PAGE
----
Sakharov on His Intellectual Evolution

Physicist to the core, Sakharov was not born a humanitarian politician. According to his colleague Vitaly Ginzburg, Sakharov “was made of the material of which the greatest physicists are made.” Igor Tamm once remarked that his student “concentrates all his intellectual efforts on physics.”

The experience of building the most terrible of weapons transformed Sakharov’s life. The advent of nuclear energy meanwhile pressed all physicists to become more aware of the politics related to their physics. For Sakharov the weapons were a new empirical fact that he was required to meditate upon. Having done this thoroughly, he faced an old dilemma: “If not me, then who?” This led him to transcend the boundaries of physics as a science. In his research work, following his intuition as a physicist, Sakharov had broken through the limits of accepted knowledge on several occasions – in 1948 when he suggested a new principle for a thermonuclear device, in 1950 when he proposed the idea of the Tokamak thermonuclear reactor, and in 1967 when he suggested an explanation for the mysterious asymmetry of matter in the Universe. The same intuition guided him in writing his 1968 “Reflections,” which broke through the limits of the accepted political conventions of the Cold War.

Throughout his life, Sakharov remained convinced that his work on nuclear weapons was a necessity for his own country as well as for the entire world. “In 1948,” he recalled in his Memoirs, “no one asked whether or not I wanted to take part in such work. I had no real choice in the matter, but the concentration, the total absorption, and the energy that I brought to the task were my own. Now that so many years have passed, I would like to explain my dedication – not least to myself. One reason for it (though not the main one) was the opportunity to do superb physics. . . . The thermonuclear reaction – this mysterious source of the energy of the stars and the sun, the source of life on Earth and the possible cause of its destruction – was already within my grasp, taking shape right on my desk! I feel confident in saying that infatuation with a spectacular new physics was not my primary motivation; I could easily have found another problem in theoretical physics to keep me amused. Most important for me and also, I think, for Igor Tamm and the others in the group was the inner certainty that this work was indispensable.”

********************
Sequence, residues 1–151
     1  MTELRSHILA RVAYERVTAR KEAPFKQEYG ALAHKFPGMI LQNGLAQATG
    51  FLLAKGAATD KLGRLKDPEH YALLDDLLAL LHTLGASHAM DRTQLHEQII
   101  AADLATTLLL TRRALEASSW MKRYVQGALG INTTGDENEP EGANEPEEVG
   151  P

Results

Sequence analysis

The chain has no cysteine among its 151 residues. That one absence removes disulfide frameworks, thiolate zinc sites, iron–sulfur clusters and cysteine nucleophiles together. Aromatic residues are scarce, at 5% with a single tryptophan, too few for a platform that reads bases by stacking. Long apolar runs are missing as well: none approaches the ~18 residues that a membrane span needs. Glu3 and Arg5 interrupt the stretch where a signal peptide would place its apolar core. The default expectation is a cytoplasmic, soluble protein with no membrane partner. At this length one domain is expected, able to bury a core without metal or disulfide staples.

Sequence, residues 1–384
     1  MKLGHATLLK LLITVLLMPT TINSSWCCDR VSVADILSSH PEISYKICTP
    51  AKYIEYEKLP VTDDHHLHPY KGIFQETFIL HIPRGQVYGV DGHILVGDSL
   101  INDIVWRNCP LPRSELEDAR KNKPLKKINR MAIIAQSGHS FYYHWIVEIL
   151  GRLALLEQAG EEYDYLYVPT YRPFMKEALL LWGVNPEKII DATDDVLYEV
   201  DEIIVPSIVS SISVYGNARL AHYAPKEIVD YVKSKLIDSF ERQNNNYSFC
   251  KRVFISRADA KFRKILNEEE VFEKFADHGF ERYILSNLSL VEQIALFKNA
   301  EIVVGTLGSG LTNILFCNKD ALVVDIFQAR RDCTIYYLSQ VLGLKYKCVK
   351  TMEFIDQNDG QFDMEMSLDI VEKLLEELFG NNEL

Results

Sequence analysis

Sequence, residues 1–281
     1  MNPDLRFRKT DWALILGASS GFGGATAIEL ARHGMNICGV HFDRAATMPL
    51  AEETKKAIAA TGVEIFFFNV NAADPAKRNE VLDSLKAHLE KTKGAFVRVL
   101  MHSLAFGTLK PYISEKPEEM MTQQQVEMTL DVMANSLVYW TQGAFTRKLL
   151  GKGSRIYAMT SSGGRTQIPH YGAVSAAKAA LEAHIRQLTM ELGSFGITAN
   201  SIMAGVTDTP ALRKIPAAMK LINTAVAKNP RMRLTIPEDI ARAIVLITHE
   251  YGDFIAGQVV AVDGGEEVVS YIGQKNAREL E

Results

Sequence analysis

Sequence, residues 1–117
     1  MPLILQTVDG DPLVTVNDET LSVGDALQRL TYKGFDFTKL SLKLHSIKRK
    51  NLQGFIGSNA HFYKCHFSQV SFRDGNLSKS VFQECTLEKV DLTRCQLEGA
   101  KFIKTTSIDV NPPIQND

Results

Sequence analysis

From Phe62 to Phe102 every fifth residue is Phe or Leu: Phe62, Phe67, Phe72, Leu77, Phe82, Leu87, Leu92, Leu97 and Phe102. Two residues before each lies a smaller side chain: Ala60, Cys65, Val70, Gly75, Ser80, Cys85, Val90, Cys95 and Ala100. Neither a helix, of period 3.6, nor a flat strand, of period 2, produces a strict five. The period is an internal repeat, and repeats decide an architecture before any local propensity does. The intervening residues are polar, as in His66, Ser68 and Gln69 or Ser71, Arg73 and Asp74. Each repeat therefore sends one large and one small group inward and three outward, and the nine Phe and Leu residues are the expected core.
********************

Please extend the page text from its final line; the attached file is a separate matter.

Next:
“I very quickly banished Stalin from that world... but state, country, and Communist ideals remained. It took me years to understand and feel how much speculation, deceit, and lack of correspondence with reality there was in those concepts”

At this time Sakharov believed in the official Soviet ideology, and he mourned Stalin’s death in 1953: “I already knew a great deal about the horrible crimes – the arrests of innocent people, the torture, starvation and violence. I couldn’t help but think of the guilty with indignation and disgust. Of course, there was a lot I didn’t know and I didn’t put it all together in one picture. Somewhere at the back of my mind was the idea induced by propaganda that brutalities are inevitable during major historic upheavals. As the saying goes, ‘When you cut wood, chips fly’ . . . . On the whole, I see that I was more impressionable than I would like to be. But what was primary to me was my feeling of commitment to the same goal I assumed was Stalin’s – building up the nation’s strength to ensure peace after a devastating war. Precisely because I had already given so much to this cause and accomplished so much, I was unwittingly – probably like anyone else would in the situation – creating an illusory world to justify myself.